Liver transplant from a living donor

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Transplant patient and living donor smiling

Checking the safety of the living donor organ

All living donors go through a range of medical tests to check their general health and liver and see if they have any viruses or chronic (long-term) infections, including HIV, hepatitis, any sexually transmitted infections or West Nile virus.

The blood work that is needed for these tests takes place when the donor is first assessed and again within 30 days of the transplant surgery.

You can find out more about how living donors are evaluated from the University Health Network​.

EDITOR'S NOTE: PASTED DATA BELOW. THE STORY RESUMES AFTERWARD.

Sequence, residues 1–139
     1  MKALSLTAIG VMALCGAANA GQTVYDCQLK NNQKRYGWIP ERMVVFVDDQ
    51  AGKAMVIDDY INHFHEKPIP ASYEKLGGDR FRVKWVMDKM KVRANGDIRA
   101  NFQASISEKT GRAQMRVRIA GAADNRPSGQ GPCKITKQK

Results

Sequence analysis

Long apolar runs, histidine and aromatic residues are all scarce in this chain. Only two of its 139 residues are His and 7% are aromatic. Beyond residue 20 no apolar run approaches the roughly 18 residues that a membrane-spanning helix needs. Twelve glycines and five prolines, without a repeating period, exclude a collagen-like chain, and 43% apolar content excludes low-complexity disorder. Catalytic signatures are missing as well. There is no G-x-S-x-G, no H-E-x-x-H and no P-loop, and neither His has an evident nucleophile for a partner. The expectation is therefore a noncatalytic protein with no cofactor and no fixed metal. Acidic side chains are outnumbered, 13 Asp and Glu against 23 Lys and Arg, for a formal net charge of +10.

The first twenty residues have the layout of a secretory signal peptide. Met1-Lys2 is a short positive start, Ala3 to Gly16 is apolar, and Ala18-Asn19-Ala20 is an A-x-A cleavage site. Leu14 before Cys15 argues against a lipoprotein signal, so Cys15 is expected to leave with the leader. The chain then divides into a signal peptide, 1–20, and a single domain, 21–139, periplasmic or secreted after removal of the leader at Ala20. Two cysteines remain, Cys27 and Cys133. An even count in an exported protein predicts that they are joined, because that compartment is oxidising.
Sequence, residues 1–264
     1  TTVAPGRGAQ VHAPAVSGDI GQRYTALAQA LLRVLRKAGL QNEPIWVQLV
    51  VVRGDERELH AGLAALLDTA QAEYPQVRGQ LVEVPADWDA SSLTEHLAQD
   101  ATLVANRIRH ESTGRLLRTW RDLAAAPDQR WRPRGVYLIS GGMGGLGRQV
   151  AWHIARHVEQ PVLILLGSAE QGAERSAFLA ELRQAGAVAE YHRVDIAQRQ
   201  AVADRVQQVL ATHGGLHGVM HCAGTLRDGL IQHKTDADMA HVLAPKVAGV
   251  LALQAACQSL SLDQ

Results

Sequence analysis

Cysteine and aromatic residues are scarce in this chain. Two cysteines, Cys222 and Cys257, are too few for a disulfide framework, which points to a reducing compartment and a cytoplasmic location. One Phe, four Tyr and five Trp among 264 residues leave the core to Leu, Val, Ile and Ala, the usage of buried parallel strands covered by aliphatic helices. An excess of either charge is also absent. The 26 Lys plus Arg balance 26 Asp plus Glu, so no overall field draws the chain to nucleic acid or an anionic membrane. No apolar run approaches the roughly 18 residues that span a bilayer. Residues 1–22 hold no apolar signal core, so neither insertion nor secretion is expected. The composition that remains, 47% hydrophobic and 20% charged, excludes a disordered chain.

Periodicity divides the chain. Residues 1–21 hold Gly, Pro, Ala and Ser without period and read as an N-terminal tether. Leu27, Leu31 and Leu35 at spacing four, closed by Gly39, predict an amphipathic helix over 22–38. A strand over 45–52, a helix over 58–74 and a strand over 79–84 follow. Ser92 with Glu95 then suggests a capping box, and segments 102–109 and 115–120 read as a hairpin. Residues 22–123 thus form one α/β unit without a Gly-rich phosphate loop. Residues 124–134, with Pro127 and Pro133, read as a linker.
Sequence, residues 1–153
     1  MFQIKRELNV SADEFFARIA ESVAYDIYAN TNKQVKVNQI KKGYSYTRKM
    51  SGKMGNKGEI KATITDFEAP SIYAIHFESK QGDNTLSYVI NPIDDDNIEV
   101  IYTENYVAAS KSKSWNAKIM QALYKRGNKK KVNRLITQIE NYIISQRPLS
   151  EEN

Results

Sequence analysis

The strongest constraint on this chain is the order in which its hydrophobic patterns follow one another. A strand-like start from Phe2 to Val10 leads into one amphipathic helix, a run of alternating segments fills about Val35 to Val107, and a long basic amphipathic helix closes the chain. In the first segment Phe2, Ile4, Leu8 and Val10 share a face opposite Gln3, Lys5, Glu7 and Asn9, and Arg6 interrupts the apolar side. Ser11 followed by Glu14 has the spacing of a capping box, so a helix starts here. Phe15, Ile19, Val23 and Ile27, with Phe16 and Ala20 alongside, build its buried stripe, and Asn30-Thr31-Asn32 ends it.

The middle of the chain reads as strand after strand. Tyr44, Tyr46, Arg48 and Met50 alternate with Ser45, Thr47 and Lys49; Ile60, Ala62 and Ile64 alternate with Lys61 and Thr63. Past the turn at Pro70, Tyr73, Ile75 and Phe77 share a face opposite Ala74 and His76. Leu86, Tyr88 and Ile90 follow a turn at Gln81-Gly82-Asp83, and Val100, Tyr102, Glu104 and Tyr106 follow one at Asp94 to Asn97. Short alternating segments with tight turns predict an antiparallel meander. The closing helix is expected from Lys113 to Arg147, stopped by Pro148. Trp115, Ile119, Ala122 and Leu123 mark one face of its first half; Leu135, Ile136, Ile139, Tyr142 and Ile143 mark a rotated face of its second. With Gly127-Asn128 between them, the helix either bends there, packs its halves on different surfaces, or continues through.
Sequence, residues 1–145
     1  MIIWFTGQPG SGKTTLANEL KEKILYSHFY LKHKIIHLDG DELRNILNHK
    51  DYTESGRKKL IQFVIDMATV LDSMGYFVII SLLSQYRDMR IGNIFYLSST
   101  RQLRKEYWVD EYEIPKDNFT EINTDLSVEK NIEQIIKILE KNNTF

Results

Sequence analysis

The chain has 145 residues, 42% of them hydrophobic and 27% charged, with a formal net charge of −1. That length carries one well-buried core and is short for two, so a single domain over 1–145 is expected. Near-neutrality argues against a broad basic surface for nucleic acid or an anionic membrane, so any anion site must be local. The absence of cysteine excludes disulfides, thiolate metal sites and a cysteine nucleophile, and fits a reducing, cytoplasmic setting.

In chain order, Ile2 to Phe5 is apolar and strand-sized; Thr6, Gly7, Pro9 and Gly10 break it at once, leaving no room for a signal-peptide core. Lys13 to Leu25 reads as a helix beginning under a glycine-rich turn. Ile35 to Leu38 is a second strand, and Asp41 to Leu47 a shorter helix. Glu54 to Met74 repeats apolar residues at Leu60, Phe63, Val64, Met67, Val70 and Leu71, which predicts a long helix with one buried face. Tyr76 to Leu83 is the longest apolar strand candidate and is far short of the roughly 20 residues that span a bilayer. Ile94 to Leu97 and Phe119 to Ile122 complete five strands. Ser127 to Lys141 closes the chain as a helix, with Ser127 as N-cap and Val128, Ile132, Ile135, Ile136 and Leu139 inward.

Organizing the transplant

Once the living donor's medical team confirms that the donor is suitable to donate part of their liver to you, your transplant nurse will arrange a surgery date.

In some transplant programs, you and your donor will be admitted to the same hospital. In others, you may be admitted to a children's hospital while your donor is admitted to a hosptial for adults.

If you and your donor are in different hospitals, the transplant program will arrange how to transport the portion of their liver from one hospital to the other as quickly and safely as possible.

Further tests that you may need before living donor transplant

You may need a few extra trests before receiving a living donor transplant. This may include a CT scan so that the surgeons can plan your surgery. Your transplant nurse will arrange this test if you need it.

Last updated: November 30th 2017